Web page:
b. Under the DMA1 tab in the Configuration panel, click the Add button. In the dropdown menu, choose your timer/channel combination. For my project, I chose “TIM2_CH3/UP”.

c. For this new DMA request, change the direction to “Memory To Peripheral”.

d. Also, change the priority to “Very High”.

e. Verify that the default DMA request settings match those shown in Figure 10.

f. Save the .ioc file to generate code for the project.

Figure 10: Configuring a DMA stream to efficiently update the duty cycle of the PWM signal

## 3. Write the Code

Working from the top-down in the main.c file, this section presents a simple example application to test the full-color capabilities of the NeoPixel LEDs. Two versions of the main() function are provided; one for the RGB WS2818 LEDs and one for the RGBW SK6812 LEDs.

a. In the Private typedef section of the main.c file, it is helpful to create a new datatype to facilitate easy access to the individual LED color values as well as the entire NeoPixel data structure (shown in Figures 1 and 3). Listing 1 provides typedefs for both the RGB and RGBW NeoPixel components. This code should by pasted between the /* USER CODE BEGIN PTD */ and /* USER CODE END PTD */ comments.

Listing 1: Custom data types for both the RGB WS2812 and RGBW SK6812 LEDs

typedef union
{
struct
{
uint8_t b;
uint8_t r;
uint8_t g;
} color;
uint32_t data;
} PixelRGB_t;

typedef union
{
struct
{
uint8_t w;
uint8_t b;
uint8_t r;
uint8_t g;
} color;
uint32_t data;
} PixelRGBW_t;


b. Changing the value of the “Pulse” register (a.k.a., CCRx) is what changes the duty cycle of the PWM waveform. Therefore, we must calculate the appropriate CCRx values to achieve the 0 code and 1 code square waves required by the utilized NeoPixels (either those shown in Figure 2 or Figure 4). For the RGB WS2812 LEDs, these values are calculated as follows:

ZERO = (ARR + 1)(0.32)
ONE = (ARR + 1)(0.64)

For the RGBW SK6812 LEDs, the calculations are slightly different.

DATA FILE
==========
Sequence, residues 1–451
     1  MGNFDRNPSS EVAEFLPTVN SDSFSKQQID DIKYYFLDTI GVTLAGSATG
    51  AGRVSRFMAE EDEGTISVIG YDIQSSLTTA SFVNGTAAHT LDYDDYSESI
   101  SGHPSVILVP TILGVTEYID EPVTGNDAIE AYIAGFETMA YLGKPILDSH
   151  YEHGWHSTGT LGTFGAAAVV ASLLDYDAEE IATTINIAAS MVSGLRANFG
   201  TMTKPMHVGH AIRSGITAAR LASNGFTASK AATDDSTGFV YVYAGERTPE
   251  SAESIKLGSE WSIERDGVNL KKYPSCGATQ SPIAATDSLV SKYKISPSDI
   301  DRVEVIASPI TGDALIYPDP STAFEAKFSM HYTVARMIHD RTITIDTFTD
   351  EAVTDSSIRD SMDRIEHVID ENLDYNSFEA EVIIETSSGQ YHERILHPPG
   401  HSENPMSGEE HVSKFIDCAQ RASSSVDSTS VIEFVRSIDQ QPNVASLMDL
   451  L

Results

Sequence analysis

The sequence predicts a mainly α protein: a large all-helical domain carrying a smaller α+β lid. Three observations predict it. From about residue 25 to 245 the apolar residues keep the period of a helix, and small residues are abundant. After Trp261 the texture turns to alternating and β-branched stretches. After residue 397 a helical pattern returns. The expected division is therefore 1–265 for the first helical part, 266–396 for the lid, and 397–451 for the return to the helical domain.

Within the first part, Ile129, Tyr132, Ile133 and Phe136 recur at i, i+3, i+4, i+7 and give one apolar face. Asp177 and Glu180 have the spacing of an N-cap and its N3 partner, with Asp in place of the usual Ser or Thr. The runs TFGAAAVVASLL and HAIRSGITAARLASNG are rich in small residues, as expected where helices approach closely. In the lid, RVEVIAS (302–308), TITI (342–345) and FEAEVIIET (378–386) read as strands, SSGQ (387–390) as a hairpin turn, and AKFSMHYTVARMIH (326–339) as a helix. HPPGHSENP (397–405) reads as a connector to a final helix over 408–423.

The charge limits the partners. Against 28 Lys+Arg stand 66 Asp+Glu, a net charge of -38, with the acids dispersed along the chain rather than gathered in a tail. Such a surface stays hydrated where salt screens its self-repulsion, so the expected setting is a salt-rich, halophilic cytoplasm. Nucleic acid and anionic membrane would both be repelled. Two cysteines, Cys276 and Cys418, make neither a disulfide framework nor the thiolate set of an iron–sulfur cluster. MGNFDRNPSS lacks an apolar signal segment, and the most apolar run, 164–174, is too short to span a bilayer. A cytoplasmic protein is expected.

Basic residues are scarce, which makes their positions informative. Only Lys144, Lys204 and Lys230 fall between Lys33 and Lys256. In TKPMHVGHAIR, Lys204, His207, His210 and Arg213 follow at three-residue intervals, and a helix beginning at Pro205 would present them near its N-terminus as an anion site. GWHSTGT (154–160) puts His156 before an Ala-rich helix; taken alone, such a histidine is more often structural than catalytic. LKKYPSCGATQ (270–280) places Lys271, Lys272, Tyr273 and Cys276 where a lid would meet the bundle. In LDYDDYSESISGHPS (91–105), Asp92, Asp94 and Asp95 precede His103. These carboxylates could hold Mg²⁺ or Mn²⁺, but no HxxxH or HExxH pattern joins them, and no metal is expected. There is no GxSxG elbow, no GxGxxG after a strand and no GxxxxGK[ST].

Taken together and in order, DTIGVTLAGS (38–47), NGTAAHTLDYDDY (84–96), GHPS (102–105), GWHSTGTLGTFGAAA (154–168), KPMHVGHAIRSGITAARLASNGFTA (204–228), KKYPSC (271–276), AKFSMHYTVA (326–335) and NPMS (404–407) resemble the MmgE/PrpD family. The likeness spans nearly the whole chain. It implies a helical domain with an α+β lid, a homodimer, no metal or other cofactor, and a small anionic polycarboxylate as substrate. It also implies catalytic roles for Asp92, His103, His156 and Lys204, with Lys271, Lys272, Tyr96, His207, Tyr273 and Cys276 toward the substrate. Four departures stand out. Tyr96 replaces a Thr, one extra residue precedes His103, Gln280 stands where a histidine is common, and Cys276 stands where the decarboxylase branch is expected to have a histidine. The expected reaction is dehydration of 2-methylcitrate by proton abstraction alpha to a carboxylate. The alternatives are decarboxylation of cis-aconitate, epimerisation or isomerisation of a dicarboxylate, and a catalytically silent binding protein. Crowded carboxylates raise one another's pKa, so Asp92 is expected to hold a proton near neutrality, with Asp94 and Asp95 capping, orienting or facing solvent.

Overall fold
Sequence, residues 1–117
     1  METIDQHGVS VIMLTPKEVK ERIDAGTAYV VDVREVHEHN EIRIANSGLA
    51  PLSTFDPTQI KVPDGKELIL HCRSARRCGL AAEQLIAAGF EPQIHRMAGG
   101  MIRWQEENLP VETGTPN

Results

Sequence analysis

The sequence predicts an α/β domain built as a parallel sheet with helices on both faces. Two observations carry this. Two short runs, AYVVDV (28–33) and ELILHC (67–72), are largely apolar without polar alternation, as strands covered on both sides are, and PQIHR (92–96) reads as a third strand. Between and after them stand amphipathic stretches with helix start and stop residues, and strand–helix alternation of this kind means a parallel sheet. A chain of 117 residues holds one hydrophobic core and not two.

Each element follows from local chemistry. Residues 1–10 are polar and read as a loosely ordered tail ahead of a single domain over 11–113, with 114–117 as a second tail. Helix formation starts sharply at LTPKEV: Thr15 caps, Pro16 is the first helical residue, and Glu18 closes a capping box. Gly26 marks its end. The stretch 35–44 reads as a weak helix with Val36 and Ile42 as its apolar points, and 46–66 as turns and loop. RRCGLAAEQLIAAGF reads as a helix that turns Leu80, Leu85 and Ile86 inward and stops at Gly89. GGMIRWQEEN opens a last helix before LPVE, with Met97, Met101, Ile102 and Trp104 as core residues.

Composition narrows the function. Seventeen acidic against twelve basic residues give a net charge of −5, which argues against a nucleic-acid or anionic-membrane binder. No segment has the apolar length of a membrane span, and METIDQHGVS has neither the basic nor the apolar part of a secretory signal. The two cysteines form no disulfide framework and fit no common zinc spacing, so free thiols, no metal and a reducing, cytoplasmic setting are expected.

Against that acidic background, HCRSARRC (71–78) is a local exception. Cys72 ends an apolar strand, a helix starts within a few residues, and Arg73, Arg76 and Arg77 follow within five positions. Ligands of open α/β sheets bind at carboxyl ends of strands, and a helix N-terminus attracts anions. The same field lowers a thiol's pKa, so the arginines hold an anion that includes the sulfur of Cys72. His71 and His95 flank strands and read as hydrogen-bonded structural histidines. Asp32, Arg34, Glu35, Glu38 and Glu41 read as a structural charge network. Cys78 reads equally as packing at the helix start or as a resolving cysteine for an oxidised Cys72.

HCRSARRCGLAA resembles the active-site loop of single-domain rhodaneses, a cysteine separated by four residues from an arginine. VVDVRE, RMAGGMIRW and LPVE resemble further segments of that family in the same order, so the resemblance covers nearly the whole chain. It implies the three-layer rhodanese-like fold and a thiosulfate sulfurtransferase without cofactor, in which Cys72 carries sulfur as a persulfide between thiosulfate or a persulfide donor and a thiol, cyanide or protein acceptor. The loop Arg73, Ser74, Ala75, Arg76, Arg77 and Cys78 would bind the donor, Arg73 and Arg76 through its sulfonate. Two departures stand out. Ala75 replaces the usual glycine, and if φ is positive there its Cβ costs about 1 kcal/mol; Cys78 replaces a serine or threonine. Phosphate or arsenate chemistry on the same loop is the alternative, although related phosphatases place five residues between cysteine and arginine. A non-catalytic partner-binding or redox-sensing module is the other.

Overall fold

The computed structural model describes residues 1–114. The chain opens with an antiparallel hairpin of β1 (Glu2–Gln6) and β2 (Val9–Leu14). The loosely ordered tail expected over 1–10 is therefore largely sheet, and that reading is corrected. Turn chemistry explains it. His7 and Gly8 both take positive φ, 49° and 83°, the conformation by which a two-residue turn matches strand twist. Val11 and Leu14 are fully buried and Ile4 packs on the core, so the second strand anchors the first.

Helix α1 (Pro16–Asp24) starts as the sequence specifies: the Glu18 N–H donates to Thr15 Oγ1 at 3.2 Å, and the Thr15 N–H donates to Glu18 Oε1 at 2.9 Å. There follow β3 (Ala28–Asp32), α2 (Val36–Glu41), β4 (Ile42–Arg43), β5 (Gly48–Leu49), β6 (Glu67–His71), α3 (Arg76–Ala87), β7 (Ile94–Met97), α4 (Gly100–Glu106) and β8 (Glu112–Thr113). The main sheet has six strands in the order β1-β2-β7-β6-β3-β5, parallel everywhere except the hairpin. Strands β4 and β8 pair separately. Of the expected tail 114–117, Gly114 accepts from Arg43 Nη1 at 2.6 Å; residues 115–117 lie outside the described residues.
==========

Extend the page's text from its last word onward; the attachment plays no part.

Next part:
ZERO = (ARR + 1)(0.25)
ONE = (ARR + 1)(0.5)

Of course, these calculated values should be rounded to the nearest whole number. In the Private defines section of the main.c file, create a #define directive for each value (see the example below in Figure 11).

c. In addition to the CCRx values, the number of NeoPixel LEDs being controlled and the DMA buffer size should be defined in the Private defines section as well. As shown in Figure 11, simply multiply the number of LEDs by the number of bits in the corresponding NeoPixel data structure (recall Figures 1 and 3). An extra buffer element must be allotted as well because the last CCRx value should be zero (the reset signal).

Figure 11: Private defines for both the WS2812 and SK6812 LEDs.

d. Add the DMA Finished Callback function provided in Listing 2 to the Private user code section between /* USER CODE BEGIN 0 */ and /* USER CODE END 0*/. Be sure to change TIM_CHANNEL_x to the channel configured in Step 1c.

Listing 2: Implementation of the HAL_TIM_PWM_PulseFinishedCallback() function

void HAL_TIM_PWM_PulseFinishedCallback(TIM_HandleTypeDef *htim)
{
HAL_TIM_PWM_Stop_DMA(htim, TIM_CHANNEL_x);
}


e. Finally, the application code must be added to the main() function. Listing 3 provides one example main() function utilizing WS2812 LEDs and Listing 4 provides a similar example main() function utilizing SK6812 LEDs. Note that the TIM_CHANNEL_x argument to the HAL_TIM_PWM_Start_DMA() function must again be modified to match the channel configured in Step 1c.

Listing 3: Example main() function for RGB WS2812 LEDs

int main(void)
{
/* USER CODE BEGIN 1 */

PixelRGB_t pixel[NUM_PIXELS] = {0};
uint32_t dmaBuffer[DMA_BUFF_SIZE] = {0};
uint32_t *pBuff;
int i, j, k;
uint16_t stepSize;

/* USER CODE END 1 */

/* MCU Configuration--------------------------------------------------------*/

/* Reset of all peripherals, Initializes the Flash interface and the Systick. */
HAL_Init();

/* USER CODE BEGIN Init */

/* USER CODE END Init */

/* Configure the system clock */
SystemClock_Config();